Bite Your Tongue

 

Most people don't realize how powerful a negotiating tool silence is. I discovered exactly how effective as I recently observed someone discussing a deal with a prospective customer this past week.

The customer started describing his situation and after a few moments he paused - briefly. It was an opportune time for the sales person to make a comment or talk about her product and service. However, she remained silent, sensing that the customer had more to say. Her intuition proved correct - a few seconds later he continued talking about his needs, and when he had finished discussing his point he paused. The sales person refrained from speaking and her customer began talking again.

During this last monologue the sales person learned the exact information that she needed to close the sale without resorting to discounting. If she had spoken during those moments of silence, she may still have closed the sale but not as effectively.

Here are a few other situations when biting your tongue will benefit you:1. After you ask a question. I've seen more sales people answer their own questions instead of holding back and allowing their customer to talk. Let a customer tell you what's on their mind and encourage them to give you more information. This is extremely easy to do when you refrain from talking after asking someone a question.

2. Anytime you ask for the sale. When you ask a person to make a financial commitment (aka a buying decision) you need to give them time to think about their decision and to respond. Too many sales people talk themselves out of a sale by continuing to speak afterwards. I recall one sales person telling me he would give me time to make a decision even though I had told him I wanted his product.

3. When you are not sure what to say next. From time to time, I have found myself unsure of what I should say after a comment made a prospect or customer. In these situations, an effective approach is to remain silent. It takes patience and a lot of control. However, in most cases, the other person will fill up that dead air space and give you information you would not have learned otherwise.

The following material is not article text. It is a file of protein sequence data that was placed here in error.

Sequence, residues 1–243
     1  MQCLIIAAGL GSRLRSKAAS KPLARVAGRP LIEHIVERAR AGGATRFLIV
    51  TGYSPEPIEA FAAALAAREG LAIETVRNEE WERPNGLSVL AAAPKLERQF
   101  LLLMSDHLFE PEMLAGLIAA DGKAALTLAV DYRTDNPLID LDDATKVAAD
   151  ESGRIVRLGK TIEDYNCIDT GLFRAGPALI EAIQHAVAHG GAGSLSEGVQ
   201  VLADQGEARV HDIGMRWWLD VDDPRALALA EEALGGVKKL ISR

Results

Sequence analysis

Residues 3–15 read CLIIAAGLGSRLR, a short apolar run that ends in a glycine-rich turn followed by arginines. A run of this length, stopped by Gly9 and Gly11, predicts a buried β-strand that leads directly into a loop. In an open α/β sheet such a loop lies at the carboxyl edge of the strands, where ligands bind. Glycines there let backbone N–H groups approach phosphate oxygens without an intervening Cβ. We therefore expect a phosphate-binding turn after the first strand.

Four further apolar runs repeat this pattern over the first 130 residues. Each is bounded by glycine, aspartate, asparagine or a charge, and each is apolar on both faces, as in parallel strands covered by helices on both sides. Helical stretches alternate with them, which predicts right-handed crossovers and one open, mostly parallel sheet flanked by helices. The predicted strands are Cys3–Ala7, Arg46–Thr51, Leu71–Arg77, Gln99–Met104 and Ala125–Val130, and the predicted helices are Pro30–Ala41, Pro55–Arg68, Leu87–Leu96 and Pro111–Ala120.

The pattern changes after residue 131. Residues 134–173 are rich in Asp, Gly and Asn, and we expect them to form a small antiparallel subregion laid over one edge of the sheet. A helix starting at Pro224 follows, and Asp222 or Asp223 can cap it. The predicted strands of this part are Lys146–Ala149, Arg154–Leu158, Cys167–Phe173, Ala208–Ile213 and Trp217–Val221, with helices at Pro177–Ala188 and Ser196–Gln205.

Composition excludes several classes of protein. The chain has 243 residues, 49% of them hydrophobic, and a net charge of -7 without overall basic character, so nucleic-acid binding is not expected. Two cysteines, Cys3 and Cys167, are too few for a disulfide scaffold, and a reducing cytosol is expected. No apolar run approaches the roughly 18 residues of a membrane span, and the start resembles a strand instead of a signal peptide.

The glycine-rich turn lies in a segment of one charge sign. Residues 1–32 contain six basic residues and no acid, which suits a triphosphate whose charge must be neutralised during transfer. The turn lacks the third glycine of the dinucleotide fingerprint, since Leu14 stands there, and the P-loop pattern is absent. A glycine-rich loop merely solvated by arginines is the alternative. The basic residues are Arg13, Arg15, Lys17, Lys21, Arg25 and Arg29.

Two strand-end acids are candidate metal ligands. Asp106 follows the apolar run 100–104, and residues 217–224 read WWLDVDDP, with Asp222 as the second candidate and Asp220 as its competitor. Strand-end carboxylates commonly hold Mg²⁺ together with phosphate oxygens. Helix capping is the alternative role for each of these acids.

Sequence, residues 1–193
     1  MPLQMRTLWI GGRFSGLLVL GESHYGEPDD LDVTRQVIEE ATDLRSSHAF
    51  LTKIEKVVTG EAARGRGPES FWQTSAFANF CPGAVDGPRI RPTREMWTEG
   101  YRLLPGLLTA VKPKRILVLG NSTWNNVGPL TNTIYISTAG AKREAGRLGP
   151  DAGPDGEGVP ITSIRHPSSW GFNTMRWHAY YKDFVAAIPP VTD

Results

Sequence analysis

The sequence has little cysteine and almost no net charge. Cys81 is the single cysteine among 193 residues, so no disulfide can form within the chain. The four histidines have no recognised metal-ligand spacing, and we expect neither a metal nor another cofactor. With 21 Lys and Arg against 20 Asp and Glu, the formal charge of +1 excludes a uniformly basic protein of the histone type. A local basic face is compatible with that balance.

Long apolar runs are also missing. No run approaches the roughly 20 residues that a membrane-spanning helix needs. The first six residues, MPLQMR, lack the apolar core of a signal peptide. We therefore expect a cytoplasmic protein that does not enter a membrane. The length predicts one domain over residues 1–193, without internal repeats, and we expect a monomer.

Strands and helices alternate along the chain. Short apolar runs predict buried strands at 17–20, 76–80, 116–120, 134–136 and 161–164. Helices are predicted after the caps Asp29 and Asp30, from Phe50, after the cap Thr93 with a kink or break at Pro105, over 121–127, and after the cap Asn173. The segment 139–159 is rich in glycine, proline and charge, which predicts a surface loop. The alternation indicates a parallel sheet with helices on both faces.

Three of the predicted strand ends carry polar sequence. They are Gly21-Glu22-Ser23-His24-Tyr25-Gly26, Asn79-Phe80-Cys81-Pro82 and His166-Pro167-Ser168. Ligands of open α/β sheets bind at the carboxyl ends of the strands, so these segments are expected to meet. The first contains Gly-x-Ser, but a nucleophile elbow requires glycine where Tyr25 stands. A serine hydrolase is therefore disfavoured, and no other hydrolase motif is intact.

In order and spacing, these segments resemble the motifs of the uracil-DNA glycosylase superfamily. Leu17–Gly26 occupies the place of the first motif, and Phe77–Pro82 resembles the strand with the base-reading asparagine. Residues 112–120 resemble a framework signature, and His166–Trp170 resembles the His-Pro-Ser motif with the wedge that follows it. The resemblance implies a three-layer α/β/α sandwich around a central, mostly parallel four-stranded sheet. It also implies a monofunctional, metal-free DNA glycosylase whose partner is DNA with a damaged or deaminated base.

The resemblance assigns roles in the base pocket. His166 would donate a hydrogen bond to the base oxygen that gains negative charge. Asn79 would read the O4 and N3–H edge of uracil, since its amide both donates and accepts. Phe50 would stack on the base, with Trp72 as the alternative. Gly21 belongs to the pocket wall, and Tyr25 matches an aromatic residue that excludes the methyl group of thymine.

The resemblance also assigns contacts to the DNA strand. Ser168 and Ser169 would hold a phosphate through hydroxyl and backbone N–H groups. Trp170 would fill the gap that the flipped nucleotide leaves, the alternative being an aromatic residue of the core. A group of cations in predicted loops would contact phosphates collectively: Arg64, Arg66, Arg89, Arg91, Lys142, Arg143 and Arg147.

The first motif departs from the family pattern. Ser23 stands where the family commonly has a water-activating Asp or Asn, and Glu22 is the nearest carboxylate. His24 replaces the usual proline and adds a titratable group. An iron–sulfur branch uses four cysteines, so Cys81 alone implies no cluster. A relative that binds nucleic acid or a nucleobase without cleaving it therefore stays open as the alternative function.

4. When people express disappointment. In situations of conflict our natural tendency is to explain why something went wrong or to immediately offer a solution. However, allowing people the opportunity to vent gives you the chance to offer the best possible solution. Many years ago I had a disgruntled employee and I gave her time to express her opinions. After several minutes of heated words and angry dialogue, I discovered that all she really wanted from me was the opportunity to vent her frustration. In another situation, my customer actually told me what he wanted done which was less than I had originally planned to offer.

I remember reading the following advice from an author some years ago - spend one day every few months being as quiet as possible and responding only when it adds value to that particular conversation. This will be incredibly difficult for the majority of people but imagine how much you will hear and learn that day.

Most people who sell a product or service mistakenly think that they must do most of the talking. However, my experience has taught me that some of the best sales people are also the quietest. And it's because they actually hear what their customer or prospect has to say. They learn what's important to that person. They find out the motivating factors behind the purchase. They allow the other person to dominate the conversation. And let's face it, the majority of people will always talk when given the opportunity.

© 2005 Kelley Robertson, All rights reserved

 



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